Windows Vista RC1 (that’s Release Candidate 1) can be downloaded as an ISO (a DVD image that you can burn to a blank disc) from Microsoft for free by those interested in trialling it before the official launch next year. This is not a standard “guide to Vista”. Other sites like Paul Thurrott’s do it and do it better than I could in limited space here. Rather this will focus on a few points that grabbed my attention for better and for worse.
Not being a complete moron, I wasn’t about to make the unfinished Vista my only operating system, so I had to begin by partitioning my hard drive and creating a second primary partition from which Vista could boot. For reference you can also check the specs of the machine in question.
Smartly all the user involvement has been move to the start of the installation after which it takes care of itself while you sit back and relax. Or leave. Because this is slooow. You see this isn’t long in the XP go and make a cup of tea sense. This is more prepare a large dinner, eat it, drive to the gym and burn off all those extra calories, return home and shoot your dog because he’s now too old for life long. And then, magically, it’s done. I was wary of driver incompatibility, especially on a laptop, but to its credit Vista picked up my widescreen display and all the other peripherals with no trouble at all. I have yet to test bluetooth and wireless networking.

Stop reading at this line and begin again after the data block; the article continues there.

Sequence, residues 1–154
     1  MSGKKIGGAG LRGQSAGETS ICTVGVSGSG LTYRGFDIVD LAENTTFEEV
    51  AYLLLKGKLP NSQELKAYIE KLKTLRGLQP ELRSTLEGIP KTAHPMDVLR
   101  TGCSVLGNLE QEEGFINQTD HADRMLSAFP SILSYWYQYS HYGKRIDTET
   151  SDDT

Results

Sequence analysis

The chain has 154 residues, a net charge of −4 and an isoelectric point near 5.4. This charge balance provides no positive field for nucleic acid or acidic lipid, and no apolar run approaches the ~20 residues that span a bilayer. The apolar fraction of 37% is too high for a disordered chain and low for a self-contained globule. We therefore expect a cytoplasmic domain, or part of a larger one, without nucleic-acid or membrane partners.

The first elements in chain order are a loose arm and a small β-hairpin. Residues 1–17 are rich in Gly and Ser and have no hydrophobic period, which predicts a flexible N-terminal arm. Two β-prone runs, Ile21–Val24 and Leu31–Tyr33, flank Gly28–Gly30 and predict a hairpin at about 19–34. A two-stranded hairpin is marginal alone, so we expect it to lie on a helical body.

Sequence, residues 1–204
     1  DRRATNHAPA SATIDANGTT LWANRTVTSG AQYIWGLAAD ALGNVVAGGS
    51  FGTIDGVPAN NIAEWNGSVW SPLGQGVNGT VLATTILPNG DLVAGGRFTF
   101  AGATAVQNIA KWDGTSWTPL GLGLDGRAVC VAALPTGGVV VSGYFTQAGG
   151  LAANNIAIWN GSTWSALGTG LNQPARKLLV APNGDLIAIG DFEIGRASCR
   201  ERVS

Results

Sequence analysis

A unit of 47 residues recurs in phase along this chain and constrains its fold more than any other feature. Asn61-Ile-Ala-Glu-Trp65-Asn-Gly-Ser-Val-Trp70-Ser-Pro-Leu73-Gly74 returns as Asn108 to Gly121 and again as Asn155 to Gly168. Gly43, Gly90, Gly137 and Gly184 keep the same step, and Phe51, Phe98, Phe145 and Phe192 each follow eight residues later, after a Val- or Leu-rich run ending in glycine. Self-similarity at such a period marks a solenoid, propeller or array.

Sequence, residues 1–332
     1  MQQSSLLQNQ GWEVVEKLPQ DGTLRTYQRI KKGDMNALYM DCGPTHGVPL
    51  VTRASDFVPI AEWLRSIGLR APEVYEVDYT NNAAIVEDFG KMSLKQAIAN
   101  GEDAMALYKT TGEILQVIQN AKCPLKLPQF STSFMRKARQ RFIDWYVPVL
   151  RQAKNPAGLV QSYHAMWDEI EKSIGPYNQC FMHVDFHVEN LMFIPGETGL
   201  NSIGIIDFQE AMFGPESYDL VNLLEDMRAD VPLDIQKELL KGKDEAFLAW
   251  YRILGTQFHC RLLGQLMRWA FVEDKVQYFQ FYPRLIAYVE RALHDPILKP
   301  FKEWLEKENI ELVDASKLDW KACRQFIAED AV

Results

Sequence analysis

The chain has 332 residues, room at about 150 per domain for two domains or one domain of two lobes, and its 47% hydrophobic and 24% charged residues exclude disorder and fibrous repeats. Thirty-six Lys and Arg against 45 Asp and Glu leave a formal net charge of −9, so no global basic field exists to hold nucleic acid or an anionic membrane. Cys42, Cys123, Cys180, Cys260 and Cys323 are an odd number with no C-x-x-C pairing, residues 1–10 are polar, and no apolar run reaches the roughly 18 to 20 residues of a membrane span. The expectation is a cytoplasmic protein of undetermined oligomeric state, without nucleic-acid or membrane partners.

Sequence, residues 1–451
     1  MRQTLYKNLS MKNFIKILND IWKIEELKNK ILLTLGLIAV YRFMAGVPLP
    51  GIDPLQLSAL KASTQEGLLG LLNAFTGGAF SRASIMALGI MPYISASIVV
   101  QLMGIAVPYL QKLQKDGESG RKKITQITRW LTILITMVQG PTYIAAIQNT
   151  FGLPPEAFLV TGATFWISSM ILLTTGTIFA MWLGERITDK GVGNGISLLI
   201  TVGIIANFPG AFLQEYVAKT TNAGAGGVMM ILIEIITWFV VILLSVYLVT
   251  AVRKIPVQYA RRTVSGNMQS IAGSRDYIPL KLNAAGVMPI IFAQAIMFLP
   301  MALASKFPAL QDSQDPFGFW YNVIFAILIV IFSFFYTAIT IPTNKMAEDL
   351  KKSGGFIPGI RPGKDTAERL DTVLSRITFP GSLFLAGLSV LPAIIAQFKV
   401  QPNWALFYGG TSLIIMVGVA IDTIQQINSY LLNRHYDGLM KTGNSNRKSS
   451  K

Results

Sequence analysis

At first glance Vista is not earth-shattering: it looks like what it is, an upgraded version of XP. Instantly it is, however, very pretty. Aero’s translucency is a visual flourish that has been well executed and offers some exceptionally useful interface enhancements. Merging style with utility is something Apple were known for (and lost somehow with the Shuffle) and Microsoft seem to have grasped that the former alone is not enough. Switching windows or hovering over a taskbar item will now provide a preview of the window. Better yet, it’s a live preview so if you hover over a video player you’ll see the current video playing. The “switch between windows” view cascades you windows three dimensionally in a view even nicer than Tiger’s. The biggest UI change actually occurs in Office which will be discussed in depth at a later date.
Beauty comes at a price, of course, and that price is resource usage. A graphics card is a must for starters. Vista works fine on this machine but still occassionally feels sluggish despite the gig of RAM. In reality I would recommend a minimum of two for anyone intending to upgrade next year. For a new system to ever feel sluggish this early on after installation is worrying. Another culprit is the sidebar which provides gadgets for the desktop which Microsoft will be accused of stealing from Apple (who in turn stole it from Konfabulator). First impressions count and visually Vista should certainly impress, but next we’ll take a look under the hood at some of the new featues which justify the upgrade.
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